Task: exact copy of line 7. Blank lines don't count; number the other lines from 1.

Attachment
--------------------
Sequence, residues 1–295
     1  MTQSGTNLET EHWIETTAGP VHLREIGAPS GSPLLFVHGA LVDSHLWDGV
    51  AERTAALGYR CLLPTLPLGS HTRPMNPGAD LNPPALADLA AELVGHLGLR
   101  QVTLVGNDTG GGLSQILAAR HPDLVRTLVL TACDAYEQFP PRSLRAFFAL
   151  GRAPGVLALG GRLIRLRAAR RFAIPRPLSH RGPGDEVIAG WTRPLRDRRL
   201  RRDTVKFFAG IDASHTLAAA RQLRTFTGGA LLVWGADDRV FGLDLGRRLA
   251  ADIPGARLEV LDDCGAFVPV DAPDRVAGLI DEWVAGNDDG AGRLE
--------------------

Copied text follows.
   251  ADIPGARLEV LDDCGAFVPV DAPDRVAGLI DEWVAGNDDG AGRLE